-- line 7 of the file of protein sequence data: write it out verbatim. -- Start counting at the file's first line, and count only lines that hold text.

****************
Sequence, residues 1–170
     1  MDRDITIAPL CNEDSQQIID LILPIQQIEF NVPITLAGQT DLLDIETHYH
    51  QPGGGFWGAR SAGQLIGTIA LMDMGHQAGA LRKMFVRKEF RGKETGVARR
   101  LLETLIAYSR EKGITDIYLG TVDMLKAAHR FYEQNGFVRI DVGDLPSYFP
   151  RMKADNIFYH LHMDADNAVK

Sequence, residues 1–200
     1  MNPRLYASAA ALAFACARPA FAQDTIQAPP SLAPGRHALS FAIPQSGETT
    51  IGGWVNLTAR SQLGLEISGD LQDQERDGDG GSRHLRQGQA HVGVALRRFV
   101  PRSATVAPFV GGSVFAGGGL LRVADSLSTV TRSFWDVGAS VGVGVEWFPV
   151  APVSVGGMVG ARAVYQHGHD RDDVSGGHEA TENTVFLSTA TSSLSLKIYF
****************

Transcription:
     1  MNPRLYASAA ALAFACARPA FAQDTIQAPP SLAPGRHALS FAIPQSGETT